Just say no to drug dogs
A demonstration by a friendly Labrador retriever proved popular with some parents who witnessed the dog’s drug-ferreting act. The dog’s peaceful presence seems like a non-threatening way to get at the problem. As per agreement, for $18,000 a year the dog and its handlers will make unannounced visits to area high schools on “suspicion-less searches,” checking lockers, restrooms, random classrooms and the students’ belongings waiting inside.
But, we have to ask, what kind of message are we sending to our kids? Are they, as the Fourth Amendment instructs, “secure in their persons, houses, papers, and effects against unreasonable searches and seizures"? In this case, the searches are blanket searches, meaning there is no suspicion of any individual; instead all are subject. However, the Fourth Amendment says clearly that, if there is no individualized suspicion, there is no right to search. The 9th Circuit Court ruled in 1999, on a local case, Butte County v. Plumas Unified School District, that “[t]o be reasonable under the Fourth Amendment, a [seizure] must ordinarily be based on individualized suspicion of wrongdoing.”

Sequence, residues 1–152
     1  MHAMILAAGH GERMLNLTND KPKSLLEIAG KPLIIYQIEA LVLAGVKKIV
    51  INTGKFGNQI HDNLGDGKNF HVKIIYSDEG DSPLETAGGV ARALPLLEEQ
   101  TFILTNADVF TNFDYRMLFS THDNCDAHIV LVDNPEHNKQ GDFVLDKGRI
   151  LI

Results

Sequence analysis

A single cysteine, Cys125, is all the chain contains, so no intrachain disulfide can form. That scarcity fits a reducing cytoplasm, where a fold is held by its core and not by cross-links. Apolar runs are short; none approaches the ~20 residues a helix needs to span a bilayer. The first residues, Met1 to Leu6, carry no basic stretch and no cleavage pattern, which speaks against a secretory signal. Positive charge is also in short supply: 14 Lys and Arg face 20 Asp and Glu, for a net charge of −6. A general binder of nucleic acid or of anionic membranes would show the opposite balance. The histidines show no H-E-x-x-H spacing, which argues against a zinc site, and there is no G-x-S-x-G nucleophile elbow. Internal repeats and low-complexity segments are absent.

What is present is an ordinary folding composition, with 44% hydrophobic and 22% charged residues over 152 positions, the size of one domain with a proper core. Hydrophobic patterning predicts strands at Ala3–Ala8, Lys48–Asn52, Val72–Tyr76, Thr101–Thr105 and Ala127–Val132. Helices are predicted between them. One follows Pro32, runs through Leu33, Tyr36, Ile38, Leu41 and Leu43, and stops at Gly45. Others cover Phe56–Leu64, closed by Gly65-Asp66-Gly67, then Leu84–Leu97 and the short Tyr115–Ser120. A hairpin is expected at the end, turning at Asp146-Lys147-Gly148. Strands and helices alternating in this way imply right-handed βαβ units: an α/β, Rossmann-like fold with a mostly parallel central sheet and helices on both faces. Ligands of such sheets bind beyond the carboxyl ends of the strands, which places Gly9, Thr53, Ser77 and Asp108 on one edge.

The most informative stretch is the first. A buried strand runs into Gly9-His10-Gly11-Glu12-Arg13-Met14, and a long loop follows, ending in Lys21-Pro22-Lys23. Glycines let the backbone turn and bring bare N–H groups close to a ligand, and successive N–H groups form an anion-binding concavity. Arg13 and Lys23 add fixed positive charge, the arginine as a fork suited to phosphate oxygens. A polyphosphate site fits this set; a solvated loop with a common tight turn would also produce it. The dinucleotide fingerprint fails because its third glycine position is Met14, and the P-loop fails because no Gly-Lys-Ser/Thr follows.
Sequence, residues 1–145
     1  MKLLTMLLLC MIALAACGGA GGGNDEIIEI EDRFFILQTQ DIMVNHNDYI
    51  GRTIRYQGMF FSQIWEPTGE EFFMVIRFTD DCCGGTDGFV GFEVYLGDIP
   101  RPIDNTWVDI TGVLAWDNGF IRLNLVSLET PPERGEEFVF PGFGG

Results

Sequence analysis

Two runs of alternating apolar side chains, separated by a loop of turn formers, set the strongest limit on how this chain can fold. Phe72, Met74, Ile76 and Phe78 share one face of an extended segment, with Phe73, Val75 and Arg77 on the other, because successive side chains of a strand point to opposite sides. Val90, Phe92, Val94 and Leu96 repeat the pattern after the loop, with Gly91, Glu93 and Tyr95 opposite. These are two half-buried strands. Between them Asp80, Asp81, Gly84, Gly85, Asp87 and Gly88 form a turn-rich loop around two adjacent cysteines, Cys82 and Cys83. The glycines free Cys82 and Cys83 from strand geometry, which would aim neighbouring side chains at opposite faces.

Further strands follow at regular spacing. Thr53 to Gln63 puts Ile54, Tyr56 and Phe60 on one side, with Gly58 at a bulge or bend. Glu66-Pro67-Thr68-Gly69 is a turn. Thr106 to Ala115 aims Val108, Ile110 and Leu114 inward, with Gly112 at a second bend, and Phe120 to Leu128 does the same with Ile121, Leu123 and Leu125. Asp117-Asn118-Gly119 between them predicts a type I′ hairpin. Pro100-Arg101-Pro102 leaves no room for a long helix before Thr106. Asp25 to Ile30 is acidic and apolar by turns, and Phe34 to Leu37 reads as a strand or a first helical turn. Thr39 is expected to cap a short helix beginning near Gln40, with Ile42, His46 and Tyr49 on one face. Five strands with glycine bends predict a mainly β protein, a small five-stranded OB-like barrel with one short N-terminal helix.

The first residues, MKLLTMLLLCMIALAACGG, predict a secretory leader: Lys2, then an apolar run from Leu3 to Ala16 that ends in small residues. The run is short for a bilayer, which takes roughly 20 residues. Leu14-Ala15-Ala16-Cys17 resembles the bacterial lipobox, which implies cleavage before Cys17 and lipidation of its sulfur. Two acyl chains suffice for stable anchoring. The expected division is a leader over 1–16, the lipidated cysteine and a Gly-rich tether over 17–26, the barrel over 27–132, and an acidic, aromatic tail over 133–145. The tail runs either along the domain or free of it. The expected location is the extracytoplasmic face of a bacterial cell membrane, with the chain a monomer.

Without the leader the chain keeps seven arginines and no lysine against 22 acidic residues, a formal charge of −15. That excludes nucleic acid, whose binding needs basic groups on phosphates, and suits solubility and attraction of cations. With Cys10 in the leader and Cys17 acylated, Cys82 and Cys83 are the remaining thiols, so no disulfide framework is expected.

There must be a better way. As popular as the drug-sniffing approach seems—almost no one has stepped forth to protest, and even the most liberal of the trustees is going along (it’s an election year)—the Bill of Rights applies to kids, last time we checked. How would these same parents feel if their places of work were suddenly subjected to drug-sniffing dogs making random visits?
We live in an insecure era. Too many of us are willing to give up our rights because our government tells us that’s only way to protect ourselves. Where do we stop? Or is it already too late? As one letter-writer recently told the Los Angeles Times, which has endorsed the use of drug-sniffing dogs in L.A. schools, "… the experience of having their lockers checked periodically by inquisitive dogs will help prepare the kids for their futures as citizens of a police state."